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New Light On "Day Jobs" for dR & dL Officers

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Paul C just sent me scans of the 1918 Reichs Handbuch, which shows GERMAN awards up to that date for ALL senior civil servants of Imperial branches of government. This will be part of his 4th set of Rank Lists CDs and the first CIVILIAN "Rank List" for the WW1 period. :jumping::jumping::jumping:

I've had this group for years, and Glenn found his "day job" circa 1906 in a dR/dL directory then. But as far as I knew, 1917 was the last trace of Hauptmann dL Wihelm H?ne:

EK 2--


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Day Job, 1918!!!!! :jumping::jumping::jumping::jumping:

Note the array of FRONTLINE awards received by civil servants who were obviously dR/dL officers and who would otherwise have been completely "invisible" to us! Like the Navy Rank Lists of 1916 and 1918, only German awards are shown. But tuis adds THOUSANDS UPON THOUSANDS of groups-- some quite spectacular-- to our eventual knowledge.

Unless somebody shared the same last name in the same governmenet agency, only last names are used.

So how do we know that THIS Berlin Ober Post Inspektor H?ne--whose German awards match "my" Hauptmann dL H?ne, was Wilhelm and not ... Corbinian Melchior Hjalmar or Some Entirely Different H?ne? :rolleyes:

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Hey! :Cat-Scratch: They named the street he lived on after his old General!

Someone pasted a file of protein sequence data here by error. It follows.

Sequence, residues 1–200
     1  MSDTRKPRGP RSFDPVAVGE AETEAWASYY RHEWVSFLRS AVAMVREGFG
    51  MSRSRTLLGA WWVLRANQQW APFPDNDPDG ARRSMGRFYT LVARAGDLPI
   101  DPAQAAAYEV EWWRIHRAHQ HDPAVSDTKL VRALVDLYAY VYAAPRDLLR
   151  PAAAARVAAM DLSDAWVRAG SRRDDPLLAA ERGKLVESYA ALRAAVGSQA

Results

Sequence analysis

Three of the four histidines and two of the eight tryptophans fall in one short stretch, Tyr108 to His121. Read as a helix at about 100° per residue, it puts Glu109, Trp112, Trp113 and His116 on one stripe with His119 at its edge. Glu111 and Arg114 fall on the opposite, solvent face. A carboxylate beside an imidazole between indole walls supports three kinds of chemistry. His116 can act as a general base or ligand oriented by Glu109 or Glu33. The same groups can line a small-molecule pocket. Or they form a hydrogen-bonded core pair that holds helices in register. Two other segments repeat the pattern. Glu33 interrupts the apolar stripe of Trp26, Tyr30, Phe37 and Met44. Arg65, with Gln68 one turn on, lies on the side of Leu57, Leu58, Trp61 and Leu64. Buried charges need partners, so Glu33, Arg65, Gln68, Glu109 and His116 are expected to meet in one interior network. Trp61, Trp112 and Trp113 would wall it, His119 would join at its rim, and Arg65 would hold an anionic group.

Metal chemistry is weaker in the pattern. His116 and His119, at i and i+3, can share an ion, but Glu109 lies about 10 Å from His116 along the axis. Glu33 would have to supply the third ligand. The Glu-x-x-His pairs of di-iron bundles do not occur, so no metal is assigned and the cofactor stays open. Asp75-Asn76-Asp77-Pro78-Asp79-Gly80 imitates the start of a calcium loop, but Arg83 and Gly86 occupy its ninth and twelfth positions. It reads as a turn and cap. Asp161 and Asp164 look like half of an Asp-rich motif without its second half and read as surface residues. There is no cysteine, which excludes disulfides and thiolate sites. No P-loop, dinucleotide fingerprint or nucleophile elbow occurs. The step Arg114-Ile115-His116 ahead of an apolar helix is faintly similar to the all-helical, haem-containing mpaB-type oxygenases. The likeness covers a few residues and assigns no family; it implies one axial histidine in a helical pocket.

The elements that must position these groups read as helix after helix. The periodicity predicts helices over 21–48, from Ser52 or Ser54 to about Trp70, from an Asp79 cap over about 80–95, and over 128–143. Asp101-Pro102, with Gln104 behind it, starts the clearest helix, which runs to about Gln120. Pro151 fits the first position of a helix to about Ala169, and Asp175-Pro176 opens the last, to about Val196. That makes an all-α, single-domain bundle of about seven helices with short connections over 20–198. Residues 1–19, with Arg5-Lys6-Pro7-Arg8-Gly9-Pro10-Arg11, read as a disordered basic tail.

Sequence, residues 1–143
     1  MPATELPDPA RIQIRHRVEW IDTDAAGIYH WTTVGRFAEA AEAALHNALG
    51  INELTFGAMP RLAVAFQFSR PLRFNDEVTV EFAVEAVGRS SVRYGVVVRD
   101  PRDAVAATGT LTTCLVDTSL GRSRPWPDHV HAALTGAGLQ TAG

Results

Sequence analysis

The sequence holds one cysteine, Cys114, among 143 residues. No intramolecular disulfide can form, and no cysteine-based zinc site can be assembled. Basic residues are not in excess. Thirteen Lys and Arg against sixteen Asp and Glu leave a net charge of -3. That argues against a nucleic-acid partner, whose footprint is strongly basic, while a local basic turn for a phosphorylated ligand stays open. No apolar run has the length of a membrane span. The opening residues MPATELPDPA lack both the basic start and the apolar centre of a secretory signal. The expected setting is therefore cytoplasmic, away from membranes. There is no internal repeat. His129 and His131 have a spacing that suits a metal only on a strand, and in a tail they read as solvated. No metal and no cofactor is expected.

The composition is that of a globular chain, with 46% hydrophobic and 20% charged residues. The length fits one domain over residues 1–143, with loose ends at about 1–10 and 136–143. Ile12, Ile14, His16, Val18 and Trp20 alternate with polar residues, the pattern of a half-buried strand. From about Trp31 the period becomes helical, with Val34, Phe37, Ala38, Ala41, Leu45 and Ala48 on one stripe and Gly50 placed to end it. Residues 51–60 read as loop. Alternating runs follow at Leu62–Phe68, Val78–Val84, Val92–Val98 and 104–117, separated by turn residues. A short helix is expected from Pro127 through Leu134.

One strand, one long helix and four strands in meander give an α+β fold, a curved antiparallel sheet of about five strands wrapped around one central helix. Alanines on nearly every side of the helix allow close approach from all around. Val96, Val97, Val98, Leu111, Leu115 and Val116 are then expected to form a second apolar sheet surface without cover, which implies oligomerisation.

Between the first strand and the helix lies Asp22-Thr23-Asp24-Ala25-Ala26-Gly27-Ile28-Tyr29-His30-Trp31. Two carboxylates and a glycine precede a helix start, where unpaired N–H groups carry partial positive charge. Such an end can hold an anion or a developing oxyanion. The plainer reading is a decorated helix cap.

By the next edition in 1920

he had been advanced to Postrat, civil service "major." He is last listed in that job in 1922. Died 1922/23? Moved on to another city?

Somewhere out there are POST OFFICE "Rank lists!" :catjava:

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Reserve officers didn't even have their commission dates shown in normal annual military Rank Lists.

1895 as Second Lieutenant of the Reserve, Infantry Regiment 25--

1912 (while His Supreme Nibs was vacationing on Corfu!) as Captain of Landwehr Infantry--

Glenn's discovery of pre-war reservists-only directories showed us for the first time what their "real" jobs were.

Now the 1918 Reichs (and soon, Prussian) State Handbooks will reveal wartime awards to "citizen soldiers" never even dreamed of before.

This is the dawn of the Golden Age of research references becoming available! :jumping::jumping::jumping:

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Nice info and I am glad to see the German Reich Handbook 1918 being put to good use. It really is a goldmine of information in regards to stay at home invisible guys. One interesting determination I can make is about the EK2 K and NK. It seems to me that if a person was awarded the EK it is not matter what there current position was. What SEEMED to matter was if they were a civilian or service/prior service.

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